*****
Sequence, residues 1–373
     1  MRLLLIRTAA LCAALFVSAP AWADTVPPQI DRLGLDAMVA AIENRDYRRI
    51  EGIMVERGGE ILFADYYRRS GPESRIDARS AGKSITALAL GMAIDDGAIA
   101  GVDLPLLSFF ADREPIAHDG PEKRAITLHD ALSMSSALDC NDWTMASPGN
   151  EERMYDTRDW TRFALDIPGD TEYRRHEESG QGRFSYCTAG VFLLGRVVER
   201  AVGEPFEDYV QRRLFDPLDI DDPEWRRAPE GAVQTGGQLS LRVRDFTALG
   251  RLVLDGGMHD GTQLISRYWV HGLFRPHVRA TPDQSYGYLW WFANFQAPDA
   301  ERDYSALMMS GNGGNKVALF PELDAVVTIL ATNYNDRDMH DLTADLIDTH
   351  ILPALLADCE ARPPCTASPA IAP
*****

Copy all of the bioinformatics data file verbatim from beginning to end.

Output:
Sequence, residues 1–373
     1  MRLLLIRTAA LCAALFVSAP AWADTVPPQI DRLGLDAMVA AIENRDYRRI
    51  EGIMVERGGE ILFADYYRRS GPESRIDARS AGKSITALAL GMAIDDGAIA
   101  GVDLPLLSFF ADREPIAHDG PEKRAITLHD ALSMSSALDC NDWTMASPGN
   151  EERMYDTRDW TRFALDIPGD TEYRRHEESG QGRFSYCTAG VFLLGRVVER
   201  AVGEPFEDYV QRRLFDPLDI DDPEWRRAPE GAVQTGGQLS LRVRDFTALG
   251  RLVLDGGMHD GTQLISRYWV HGLFRPHVRA TPDQSYGYLW WFANFQAPDA
   301  ERDYSALMMS GNGGNKVALF PELDAVVTIL ATNYNDRDMH DLTADLIDTH
   351  ILPALLADCE ARPPCTASPA IAP